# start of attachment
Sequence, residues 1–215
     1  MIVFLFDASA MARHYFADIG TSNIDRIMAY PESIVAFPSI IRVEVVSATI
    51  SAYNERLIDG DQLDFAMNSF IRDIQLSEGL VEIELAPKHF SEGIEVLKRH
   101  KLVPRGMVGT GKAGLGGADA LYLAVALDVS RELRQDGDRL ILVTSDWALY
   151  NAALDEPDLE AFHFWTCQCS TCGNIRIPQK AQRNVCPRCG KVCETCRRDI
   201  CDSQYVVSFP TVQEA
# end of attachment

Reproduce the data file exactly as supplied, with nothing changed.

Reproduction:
Sequence, residues 1–215
     1  MIVFLFDASA MARHYFADIG TSNIDRIMAY PESIVAFPSI IRVEVVSATI
    51  SAYNERLIDG DQLDFAMNSF IRDIQLSEGL VEIELAPKHF SEGIEVLKRH
   101  KLVPRGMVGT GKAGLGGADA LYLAVALDVS RELRQDGDRL ILVTSDWALY
   151  NAALDEPDLE AFHFWTCQCS TCGNIRIPQK AQRNVCPRCG KVCETCRRDI
   201  CDSQYVVSFP TVQEA